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  • 18 Silberschatz, Galvin and Gagne 2005 Rutgers University, CS 416, Spring 2008 Process Creation
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  • 19 Silberschatz, Galvin and Gagne 2005 Rutgers University, CS 416, Spring 2008 C Program Forking Separate Process int main() { pid_t pid; /* fork another process */ pid = fork(); if (pid < 0) { /* error occurred */ fprintf(stderr, "Fork Failed"); exit(-1); } else if (pid == 0) { /* child process */ execlp("/bin/ls", "ls", NULL); } else { /* parent process */ /* parent will wait for the child to complete */ wait (NULL); printf ("Child Complete"); exit(0); }
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  • 20 Silberschatz, Galvin and Gagne 2005 Rutgers University, CS 416, Spring 2008 A tree of processes on a typical Solaris
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  • 21 Silberschatz, Galvin and Gagne 2005 Rutgers University, CS 416, Spring 2008 Process Termination Process executes last statement and asks the operating system to delete it (exit) Output data from child to parent (via wait) Process resources are deallocated by operating system Parent may terminate execution of children processes (abort) Child has exceeded allocated resources Task assigned to child is no longer required If parent is exiting Some operating system do not allow child to continue if its parent terminates All children terminated - cascading termination
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  • 22 Silberschatz, Galvin and Gagne 2005 Rutgers University, CS 416, Spring 2008 Cooperating Processes Independent process cannot affect or be affected by the execution of another process Cooperating process can affect or be affected by the execution of another process Advantages of process cooperation Information sharing Computation speed-up Modularity Convenience
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  • 23 Silberschatz, Galvin and Gagne 2005 Rutgers University, CS 416, Spring 2008 Producer-Consumer Problem Paradigm for cooperating processes, producer process produces information that is consumed by a consumer process unbounded-buffer places no practical limit on the size of the buffer bounded-buffer assumes that there is a fixed buffer size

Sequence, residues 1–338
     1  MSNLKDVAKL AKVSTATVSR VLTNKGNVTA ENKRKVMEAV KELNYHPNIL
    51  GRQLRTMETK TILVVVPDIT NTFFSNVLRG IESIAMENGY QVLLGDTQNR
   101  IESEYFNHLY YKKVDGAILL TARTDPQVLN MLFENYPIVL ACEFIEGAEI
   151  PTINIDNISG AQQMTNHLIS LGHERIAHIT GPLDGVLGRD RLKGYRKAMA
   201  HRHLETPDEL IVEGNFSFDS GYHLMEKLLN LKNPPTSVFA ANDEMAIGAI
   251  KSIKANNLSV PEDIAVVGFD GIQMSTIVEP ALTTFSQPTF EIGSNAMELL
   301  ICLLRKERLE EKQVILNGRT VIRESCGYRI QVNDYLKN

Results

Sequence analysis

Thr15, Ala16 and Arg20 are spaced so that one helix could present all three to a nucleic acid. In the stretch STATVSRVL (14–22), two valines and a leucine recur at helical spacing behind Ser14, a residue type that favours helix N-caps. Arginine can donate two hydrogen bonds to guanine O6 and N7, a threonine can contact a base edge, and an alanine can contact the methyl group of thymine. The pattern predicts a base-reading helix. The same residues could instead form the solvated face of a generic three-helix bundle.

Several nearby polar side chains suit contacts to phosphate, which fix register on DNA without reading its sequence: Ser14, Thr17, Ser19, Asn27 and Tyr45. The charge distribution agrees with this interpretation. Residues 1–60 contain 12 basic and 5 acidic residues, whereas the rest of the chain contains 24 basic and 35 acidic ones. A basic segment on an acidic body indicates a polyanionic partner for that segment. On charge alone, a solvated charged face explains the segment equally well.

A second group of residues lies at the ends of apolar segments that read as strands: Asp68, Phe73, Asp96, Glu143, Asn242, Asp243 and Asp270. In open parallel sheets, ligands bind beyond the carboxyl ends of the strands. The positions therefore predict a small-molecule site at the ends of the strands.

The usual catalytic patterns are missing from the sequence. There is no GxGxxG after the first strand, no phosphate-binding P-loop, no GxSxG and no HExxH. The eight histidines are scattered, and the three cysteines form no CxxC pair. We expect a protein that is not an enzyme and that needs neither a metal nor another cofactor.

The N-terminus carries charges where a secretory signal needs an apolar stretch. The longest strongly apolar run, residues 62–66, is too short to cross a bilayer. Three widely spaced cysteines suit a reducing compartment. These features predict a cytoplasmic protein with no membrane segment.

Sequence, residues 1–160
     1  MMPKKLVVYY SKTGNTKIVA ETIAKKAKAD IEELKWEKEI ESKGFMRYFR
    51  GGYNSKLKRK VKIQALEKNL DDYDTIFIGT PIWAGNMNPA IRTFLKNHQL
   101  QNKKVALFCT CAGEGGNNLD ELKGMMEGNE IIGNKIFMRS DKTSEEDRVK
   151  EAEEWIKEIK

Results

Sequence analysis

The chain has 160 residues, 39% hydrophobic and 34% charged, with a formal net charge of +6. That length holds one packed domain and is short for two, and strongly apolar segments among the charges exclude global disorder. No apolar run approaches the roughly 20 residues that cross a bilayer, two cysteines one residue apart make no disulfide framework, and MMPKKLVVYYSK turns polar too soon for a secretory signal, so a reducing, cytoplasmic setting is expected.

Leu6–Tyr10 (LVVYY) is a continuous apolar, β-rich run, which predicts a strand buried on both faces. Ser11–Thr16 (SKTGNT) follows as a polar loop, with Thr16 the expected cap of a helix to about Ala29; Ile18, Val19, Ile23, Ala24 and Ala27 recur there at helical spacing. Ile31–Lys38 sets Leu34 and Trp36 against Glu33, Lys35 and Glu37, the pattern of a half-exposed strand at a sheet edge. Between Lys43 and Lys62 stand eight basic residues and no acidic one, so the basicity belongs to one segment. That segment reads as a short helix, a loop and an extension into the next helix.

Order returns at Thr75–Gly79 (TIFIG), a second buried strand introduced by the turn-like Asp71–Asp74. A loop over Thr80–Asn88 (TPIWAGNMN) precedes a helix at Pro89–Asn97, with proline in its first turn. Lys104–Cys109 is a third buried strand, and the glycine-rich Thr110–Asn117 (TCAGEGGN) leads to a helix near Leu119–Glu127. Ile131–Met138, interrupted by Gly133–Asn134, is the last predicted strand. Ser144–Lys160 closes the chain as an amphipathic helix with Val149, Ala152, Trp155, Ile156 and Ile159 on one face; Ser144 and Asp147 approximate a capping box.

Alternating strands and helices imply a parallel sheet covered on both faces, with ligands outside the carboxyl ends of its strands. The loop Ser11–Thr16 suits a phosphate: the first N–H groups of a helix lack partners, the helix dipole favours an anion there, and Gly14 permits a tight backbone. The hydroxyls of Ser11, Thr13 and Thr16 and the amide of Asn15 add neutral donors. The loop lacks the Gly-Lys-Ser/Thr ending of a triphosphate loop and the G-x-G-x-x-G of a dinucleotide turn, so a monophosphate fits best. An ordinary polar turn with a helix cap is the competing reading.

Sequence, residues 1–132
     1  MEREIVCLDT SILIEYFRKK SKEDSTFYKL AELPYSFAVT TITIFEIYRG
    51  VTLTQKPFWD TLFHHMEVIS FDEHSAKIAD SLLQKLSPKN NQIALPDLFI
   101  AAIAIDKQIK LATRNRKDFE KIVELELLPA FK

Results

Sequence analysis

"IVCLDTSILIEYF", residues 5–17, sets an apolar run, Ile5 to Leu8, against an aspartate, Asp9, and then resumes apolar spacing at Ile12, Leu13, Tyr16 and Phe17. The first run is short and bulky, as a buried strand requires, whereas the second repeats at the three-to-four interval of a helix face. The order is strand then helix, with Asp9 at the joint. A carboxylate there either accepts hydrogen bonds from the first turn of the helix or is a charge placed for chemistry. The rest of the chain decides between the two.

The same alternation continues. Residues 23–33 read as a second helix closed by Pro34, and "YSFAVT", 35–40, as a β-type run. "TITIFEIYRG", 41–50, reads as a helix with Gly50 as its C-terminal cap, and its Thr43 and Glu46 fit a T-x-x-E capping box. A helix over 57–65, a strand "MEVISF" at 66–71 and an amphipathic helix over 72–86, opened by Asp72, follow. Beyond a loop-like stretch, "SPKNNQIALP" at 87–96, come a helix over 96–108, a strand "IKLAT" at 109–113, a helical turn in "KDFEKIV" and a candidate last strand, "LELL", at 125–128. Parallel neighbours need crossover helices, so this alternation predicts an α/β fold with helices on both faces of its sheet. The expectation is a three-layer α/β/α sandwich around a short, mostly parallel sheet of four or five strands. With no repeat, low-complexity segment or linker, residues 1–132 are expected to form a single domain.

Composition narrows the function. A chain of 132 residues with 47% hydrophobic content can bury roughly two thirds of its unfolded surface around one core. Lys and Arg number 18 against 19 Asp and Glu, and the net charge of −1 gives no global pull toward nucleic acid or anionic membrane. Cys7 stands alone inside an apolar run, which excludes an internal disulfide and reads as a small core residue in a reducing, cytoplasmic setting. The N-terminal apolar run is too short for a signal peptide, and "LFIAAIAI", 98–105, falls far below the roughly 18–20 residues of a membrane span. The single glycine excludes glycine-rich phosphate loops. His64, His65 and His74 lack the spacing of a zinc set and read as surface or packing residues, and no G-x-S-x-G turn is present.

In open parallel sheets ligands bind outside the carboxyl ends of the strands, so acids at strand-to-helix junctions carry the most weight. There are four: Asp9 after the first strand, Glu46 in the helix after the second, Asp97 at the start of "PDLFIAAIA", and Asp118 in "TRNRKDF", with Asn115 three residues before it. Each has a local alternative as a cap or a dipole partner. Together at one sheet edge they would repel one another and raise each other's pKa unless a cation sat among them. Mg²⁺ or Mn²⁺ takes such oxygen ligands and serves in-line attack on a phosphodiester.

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  • 24 Silberschatz, Galvin and Gagne 2005 Rutgers University, CS 416, Spring 2008 Bounded-Buffer Shared-Memory Solution Shared data #define BUFFER_SIZE 10 typedef struct {... } item; item buffer[BUFFER_SIZE]; int in = 0; int out = 0; Solution is correct, but can only use BUFFER_SIZE-1 elements
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  • 25 Silberschatz, Galvin and Gagne 2005 Rutgers University, CS 416, Spring 2008 Bounded-Buffer Insert() Method while (true) { /* Produce an item */ while (((in = (in + 1) % BUFFER SIZE count) == out) ; /* do nothing -- no free buffers */ buffer[in] = item; in = (in + 1) % BUFFER SIZE; }
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  • 26 Silberschatz, Galvin and Gagne 2005 Rutgers University, CS 416, Spring 2008 Bounded Buffer Remove() Method while (true) { while (in == out) ; // do nothing -- nothing to consume // remove an item from the buffer item = buffer[out]; out = (out + 1) % BUFFER SIZE; return item; }
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  • 27 Silberschatz, Galvin and Gagne 2005 Rutgers University, CS 416, Spring 2008 Interprocess Communication (IPC) Mechanism for processes to communicate and to synchronize their actions Message system processes communicate with each other without resorting to shared variables IPC facility provides two operations: send(message) message size fixed or variable receive(message) If P and Q wish to communicate, they need to: establish a communication link between them exchange messages via send/receive Implementation of communication link physical (e.g., shared memory, hardware bus) logical (e.g., logical properties)
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  • 28 Silberschatz, Galvin and Gagne 2005 Rutgers University, CS 416, Spring 2008 Implementation Questions How are links established? Can a link be associated with more than two processes? How many links can there be between every pair of communicating processes? What is the capacity of a link? Is the size of a message that the link can accommodate fixed or variable? Is a link unidirectional or bi-directional?
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  • 29 Silberschatz, Galvin and Gagne 2005 Rutgers University, CS 416, Spring 2008 Communications Models
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  • 30 Silberschatz, Galvin and Gagne 2005 Rutgers University, CS 416, Spring 2008 Direct Communication Processes must name each other explicitly: send (P, message) send a message to process P receive(Q, message) receive a message from process Q Properties of communication link Links are established automatically A link is associated with exactly one pair of communicating processes Between each pair there exists exactly one link The link may be unidirectional, but is usually bi-directional
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  • 31 Silberschat